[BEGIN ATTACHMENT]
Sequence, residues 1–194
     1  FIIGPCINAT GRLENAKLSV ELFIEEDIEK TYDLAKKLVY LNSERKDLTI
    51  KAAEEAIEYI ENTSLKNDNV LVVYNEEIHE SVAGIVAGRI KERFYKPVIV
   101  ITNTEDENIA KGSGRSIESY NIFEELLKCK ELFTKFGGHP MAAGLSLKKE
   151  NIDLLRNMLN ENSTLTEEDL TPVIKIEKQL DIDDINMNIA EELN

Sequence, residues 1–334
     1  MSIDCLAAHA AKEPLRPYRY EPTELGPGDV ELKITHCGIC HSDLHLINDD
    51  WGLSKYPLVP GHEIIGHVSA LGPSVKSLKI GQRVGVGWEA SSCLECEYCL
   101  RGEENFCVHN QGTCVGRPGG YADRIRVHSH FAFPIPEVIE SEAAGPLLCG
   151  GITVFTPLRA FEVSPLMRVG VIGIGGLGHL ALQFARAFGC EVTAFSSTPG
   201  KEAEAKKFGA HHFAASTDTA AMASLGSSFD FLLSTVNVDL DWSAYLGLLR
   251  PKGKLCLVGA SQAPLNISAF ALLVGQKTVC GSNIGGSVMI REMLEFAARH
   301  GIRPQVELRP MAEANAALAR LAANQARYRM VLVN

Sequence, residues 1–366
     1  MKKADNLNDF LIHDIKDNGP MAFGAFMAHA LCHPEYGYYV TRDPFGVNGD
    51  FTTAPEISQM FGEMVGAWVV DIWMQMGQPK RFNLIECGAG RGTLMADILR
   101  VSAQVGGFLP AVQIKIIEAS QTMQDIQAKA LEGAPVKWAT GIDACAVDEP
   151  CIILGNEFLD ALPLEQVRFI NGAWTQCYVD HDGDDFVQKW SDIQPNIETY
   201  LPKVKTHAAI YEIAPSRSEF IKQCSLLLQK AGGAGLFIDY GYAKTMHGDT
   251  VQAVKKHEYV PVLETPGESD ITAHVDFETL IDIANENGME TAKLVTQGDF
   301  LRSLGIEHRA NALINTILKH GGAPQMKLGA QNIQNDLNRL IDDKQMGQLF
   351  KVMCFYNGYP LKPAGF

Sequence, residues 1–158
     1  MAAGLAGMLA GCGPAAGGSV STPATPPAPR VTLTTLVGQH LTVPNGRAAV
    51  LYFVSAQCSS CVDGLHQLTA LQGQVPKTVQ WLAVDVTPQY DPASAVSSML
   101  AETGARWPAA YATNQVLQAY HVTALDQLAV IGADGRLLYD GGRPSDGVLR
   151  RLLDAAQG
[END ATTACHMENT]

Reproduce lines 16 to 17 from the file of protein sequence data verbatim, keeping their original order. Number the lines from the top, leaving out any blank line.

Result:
    51  FTTAPEISQM FGEMVGAWVV DIWMQMGQPK RFNLIECGAG RGTLMADILR
   101  VSAQVGGFLP AVQIKIIEAS QTMQDIQAKA LEGAPVKWAT GIDACAVDEP